Shop now Shop now Shop now  Up to 50% Off Fashion  Shop all Amazon Fashion Cloud Drive Photos Shop now Learn More Shop now Shop now Shop Fire Shop Kindle Learn more Shop now Shop now

Customer Reviews

3.8 out of 5 stars8
3.8 out of 5 stars
Your rating(Clear)Rate this item


There was a problem filtering reviews right now. Please try again later.

on 12 January 2010
"Designing with web standards" follows very honourable principles and encourages the web design community to embrace standards and follow them, in the hope that we can all use any browser on any platform we like and use any web site perfectly - including anyone with special needs or a disability.

I am all in favour of the principles, but I was disappointed that half of the book is spent explaining how wonderful standards are and how it will make everyone's life easier. I was hoping to seem some clear advice on what to do - and how - and not spend most of my time listening to a very convincing and successful evangelist.

The writing is very good and I do like the style. It will certainly convince a lot of people to follow web standards and give everyone, technical or not, enough ammunition to convince clients or the boardroom to invest time and money in using web standards.

If more emphasis was put on concrete advice on how to reach web design "nirvana" and less pages spent on listing all the advantages, I would give this book the full five star rating. As it is, you have to skim read a large chunk of the book before you get to the juicy details - and hence only three stars.
0Comment|6 people found this helpful. Was this review helpful to you?YesNoReport abuse
on 6 March 2010
Pros:
- You come away with an excellent understanding of web standards in every context where they can be applied as well as the reasons for their importance - this book does exactly what it promises, teaches you about designing with web standards.
- Great chapters on CSS & browser bugs, understanding DOCTYPEs, how to use divs and classes the *right* way & introduction to typography.
- Also includes some good initial discussion of HTML5 & CSS3.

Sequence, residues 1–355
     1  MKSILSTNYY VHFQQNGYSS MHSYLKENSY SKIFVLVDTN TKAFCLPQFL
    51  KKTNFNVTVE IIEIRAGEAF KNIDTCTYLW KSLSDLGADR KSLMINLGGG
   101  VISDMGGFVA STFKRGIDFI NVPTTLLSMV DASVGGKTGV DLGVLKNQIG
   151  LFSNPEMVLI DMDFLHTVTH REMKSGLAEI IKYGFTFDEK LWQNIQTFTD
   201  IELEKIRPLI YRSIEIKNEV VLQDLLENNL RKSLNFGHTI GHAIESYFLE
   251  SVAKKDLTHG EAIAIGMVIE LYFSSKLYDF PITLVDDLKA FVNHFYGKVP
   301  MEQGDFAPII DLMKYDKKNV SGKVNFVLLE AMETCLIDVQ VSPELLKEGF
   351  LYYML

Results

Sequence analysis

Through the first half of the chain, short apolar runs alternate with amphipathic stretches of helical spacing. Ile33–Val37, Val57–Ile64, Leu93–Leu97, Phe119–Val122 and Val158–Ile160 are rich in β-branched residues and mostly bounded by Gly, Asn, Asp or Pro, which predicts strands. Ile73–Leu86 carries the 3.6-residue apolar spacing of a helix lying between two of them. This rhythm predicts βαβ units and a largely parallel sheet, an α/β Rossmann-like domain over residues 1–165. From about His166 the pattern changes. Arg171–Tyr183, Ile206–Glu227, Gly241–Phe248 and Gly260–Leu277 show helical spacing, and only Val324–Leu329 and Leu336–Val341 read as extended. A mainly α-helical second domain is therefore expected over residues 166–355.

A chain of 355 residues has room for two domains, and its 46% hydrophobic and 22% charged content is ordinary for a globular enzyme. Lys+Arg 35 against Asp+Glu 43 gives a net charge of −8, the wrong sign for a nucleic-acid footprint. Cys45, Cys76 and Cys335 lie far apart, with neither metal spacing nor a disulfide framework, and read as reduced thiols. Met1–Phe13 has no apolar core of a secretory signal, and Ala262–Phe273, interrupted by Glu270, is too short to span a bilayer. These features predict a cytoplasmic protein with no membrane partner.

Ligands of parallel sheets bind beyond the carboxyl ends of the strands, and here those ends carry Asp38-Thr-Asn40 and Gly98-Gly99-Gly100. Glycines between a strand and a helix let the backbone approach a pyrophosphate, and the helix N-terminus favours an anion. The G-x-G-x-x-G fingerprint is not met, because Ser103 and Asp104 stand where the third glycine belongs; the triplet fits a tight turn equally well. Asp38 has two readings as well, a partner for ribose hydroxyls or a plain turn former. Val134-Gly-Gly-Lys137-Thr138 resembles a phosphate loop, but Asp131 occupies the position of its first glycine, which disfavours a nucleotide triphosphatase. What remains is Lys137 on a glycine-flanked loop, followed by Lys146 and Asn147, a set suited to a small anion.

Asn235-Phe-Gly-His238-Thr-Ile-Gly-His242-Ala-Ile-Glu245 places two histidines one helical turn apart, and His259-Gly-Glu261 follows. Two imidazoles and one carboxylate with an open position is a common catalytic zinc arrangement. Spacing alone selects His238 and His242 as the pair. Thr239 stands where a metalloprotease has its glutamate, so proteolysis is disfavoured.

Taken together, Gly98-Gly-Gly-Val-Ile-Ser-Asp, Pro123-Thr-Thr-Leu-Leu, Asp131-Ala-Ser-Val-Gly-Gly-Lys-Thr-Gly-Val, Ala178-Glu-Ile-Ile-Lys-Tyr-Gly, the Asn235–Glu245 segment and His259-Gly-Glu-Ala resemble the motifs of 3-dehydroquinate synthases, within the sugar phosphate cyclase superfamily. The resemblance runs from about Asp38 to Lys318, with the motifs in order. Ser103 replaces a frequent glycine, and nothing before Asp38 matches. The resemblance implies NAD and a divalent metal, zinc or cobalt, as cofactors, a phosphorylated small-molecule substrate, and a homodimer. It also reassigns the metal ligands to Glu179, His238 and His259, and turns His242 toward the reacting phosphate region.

Cons:
- The first 5-6 chapters are really quite basic - even historical - and require only light skimming (or the motivation to plough through!).

NOTE: Although some chapters are quite in-depth and all chapters contain links for further reading, if you are looking for deep knowledge in a particular subject other than web standards (CSS, HTML5, typography, fluid design), you will probably be better off with a book specialized in that subject.

------------

Full review:

Zeldman is excellent at providing a thorough understanding of web standards and arming us with a myriad of reasons on why they're important. For example, it's often difficult for designers to avoid filling their XHTML with divs and classes as presentational hooks rather than using them semantically (with relevance to the content of the actual webpage). Although most people know the broad strokes of 'divitis' and 'classitis' (overuse of divs and classes), Zeldman helps the the reader get under the hood of the problem and really understand what the better alternatives are.

There are a couple of *very* useful chapters on CSS basics & (principally IE6) browser bugs, laying things out in such a structured form that even those who have been using CSS for a while now are likely to benefit from it as a form of reorganizing the ideas in their minds. There is also a standards-driven discussion of currently usable CSS3 & HTML5 which proved interesting, though for deeper information on the CSS3 as it stands in late 2009, I suggest Handcrafted CSS: More Bulletproof Web Design (Voices That Matter).

Other interesting chapters include those on typography (again, this is complemented by a very clear discussion of font size in fluid designs by Ethan Marcotte's chapter in Handcrafted CSS: More Bulletproof Web Design (Voices That Matter)), accessibility and an introduction to DOM, all nicely capped off with a practical application in a redesign of the Zeldman website.